The first pair of pants below is from Cabela's, look up their website here, as they have great deals on products like these pants.  I'm putting the suit link from Amazon below as a frame of reference.  If you are to buy a wool suit, I would suggest going to one of the cities many department stores like Syms to get a better deal, and a more tailored look.   


Thursday, December 2, 2010

Guide for Beginning Preppers

     I recently was informed by a close friend that he wanted to start taking survivalism/prepping more seriously and needed some help with the basics.  The subsequent e-mail I sent him, outlining the fundamentals to help him in his first steps of prepping became a “Guide for Beginning Preppers”.  This guide reaches beyond the scope of New York, and could easily be applied to any household in The U.S.:

     Glad to see you are awakening to the world of self-reliance!  The following is the basics that I believe every household should have to prepare them for a short to mid-term disaster;
  • Water – A few gallons at first will do.  You can fill up a 5-gallon Gerry Can or two and keep them in the closet.  Or you can stock five or more gallon jugs (depending on how big your family is) as well.  Water is life as you can only live about three days without it, so don’t skimp.  You can set up a rain catch if you run out.
  • Food – Set up a Q over at Shelf Reliance as soon as possible and start having food delivered in #10 cans right away.  You can set up the Q to spend any amount, but I suggest $50 to $100 a month depending on your budget.  The next step will be to go out and buy about ten to twenty cans (once again depends on your family size) of food to keep in your pantry.  Make sure the food is edible out of the can (can safely be eaten cold) and don’t worry about the food being organic or not.  Buy the cheap ‘on sale’ stuff.  Also make sure you have a manual can opener so you can open your cans.  You can start buying ‘bulk’ items like dried whole grain rice and beans as well, as these items will last many years if stored properly.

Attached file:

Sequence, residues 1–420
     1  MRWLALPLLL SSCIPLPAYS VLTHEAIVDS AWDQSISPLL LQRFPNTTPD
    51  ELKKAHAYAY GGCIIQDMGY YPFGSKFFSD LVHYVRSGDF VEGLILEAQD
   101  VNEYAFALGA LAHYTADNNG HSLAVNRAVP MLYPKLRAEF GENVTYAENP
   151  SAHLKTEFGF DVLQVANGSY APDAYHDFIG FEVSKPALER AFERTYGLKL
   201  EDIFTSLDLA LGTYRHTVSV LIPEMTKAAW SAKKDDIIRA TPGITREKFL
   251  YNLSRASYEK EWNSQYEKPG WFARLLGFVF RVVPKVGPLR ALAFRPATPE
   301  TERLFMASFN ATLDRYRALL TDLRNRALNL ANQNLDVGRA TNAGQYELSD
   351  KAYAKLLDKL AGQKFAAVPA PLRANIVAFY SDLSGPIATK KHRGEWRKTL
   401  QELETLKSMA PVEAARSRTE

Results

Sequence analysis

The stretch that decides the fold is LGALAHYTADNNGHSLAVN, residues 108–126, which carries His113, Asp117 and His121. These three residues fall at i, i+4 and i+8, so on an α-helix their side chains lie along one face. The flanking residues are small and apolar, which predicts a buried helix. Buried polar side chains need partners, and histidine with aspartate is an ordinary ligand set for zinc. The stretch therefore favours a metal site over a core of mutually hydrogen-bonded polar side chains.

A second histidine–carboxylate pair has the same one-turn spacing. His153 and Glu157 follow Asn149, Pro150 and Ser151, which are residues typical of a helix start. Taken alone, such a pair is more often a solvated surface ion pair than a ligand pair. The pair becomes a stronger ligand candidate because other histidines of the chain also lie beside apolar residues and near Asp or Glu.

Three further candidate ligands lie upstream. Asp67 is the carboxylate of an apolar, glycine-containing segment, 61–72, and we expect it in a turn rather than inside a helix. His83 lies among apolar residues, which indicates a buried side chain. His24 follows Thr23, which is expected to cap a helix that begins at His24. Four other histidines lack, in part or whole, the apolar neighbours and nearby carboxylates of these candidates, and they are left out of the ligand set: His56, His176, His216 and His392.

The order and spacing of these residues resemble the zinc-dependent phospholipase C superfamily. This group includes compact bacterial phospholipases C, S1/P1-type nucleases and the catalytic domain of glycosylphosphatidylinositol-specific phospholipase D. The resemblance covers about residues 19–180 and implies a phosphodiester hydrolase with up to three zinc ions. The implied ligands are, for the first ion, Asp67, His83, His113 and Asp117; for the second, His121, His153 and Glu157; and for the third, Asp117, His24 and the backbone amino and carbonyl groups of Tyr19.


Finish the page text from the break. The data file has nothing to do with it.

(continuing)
• Emergency gear - By that I mean a portable hand-crank radio so you can stay "in the know".  Also a hand-crank flash light so you can find things in case the electric grid goes down.  You should keep a few candles in case the flashlight does not work, or if you don't feel like cranking it all the time.  Keeping a few spare lithium batteries and a good medical kit on hand couldn't hurt either. 
  • Security – The next thing you’ll need is security, because without that, all your preps can become someone else’s instantly.  It’s up to you what you decide to use for home and personal security.  I suggest acquiring your handgun license and buying a handgun so that you can practice with it and store it in your apartment.  Here is the gun license permit page for NYC.  Here is a link to a company that helps you deal with the red tape if you want to spend the extra money.  If you opt not to own a gun, then look into things like pepper spray (link to my post about legal pepper spray in NYC.)